was thus opened to his view, Mr. aware that you are at present a batchelor, Brown signed the articles of agreeand it must rest wholly with yourself if ment, upon proviso that he could fou could acquire the other requisite for obtain orders, without which he the situation between this time and your was determined not to go. enharkation. I give this to your friend “ I waited,” says he, on Dr. Lo forward, and am, with esteem, Sir, Lowth, the bishop of London, “ Your's, &c.
asking to be ordained to go abroad: “ A, MITCHELL." he answered flatly, that he would * Loudon, Feb. 1785.”
never ordain another man to go The private papers of Mr. abroad; for that he had ordained Brown connect all the parts of the several for the colonies, who afternarrative.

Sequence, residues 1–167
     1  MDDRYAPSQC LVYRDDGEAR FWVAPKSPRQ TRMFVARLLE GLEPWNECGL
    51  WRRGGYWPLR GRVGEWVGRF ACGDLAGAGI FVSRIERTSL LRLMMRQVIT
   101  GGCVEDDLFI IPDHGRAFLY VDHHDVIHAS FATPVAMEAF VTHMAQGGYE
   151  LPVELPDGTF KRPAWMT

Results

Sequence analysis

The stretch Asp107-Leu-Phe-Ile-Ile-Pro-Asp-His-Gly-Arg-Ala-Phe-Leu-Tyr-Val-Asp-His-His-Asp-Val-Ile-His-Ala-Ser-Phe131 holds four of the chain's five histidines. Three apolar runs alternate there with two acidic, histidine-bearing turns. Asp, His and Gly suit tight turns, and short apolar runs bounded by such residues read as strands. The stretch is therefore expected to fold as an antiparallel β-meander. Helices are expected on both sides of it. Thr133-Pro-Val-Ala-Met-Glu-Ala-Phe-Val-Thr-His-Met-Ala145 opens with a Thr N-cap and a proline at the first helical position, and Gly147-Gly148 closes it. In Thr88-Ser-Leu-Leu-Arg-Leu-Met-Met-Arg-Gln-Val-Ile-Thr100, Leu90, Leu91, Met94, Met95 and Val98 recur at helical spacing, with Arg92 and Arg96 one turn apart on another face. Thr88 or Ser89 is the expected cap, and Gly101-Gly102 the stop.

wards remained lounging about the “ When this letter reached me town, a disgrace to the cloth. at college, I was just recovering « On coming out, I said to my from a long indisposition. There new friend the major, · Well, this were many objections immediately business is at an end ; to-niorrow occurred to me; I foresaw them I return to Cambridge.' He said, all at a rapid glance, and settled • let us call on the Bishop of Lanin my mind that I might decline daff (Dr. Watson); he is a liberal the offer with a good conscience: man, and will give us his advice.' above all, I was too young for We did so; and on his hearing the priest's orders, and without ordi- circumstances of our bad success nation I was resolved to accept of with my lord of London, he reno service or situation whatever. gretted our disappointment, wished I acquainted some of my serious well to the plan, and observed : friends with the import of the that if his grace of Canterbury saw major's letter, and my sentiments no impropriety in his ordaining upon it. They differed from me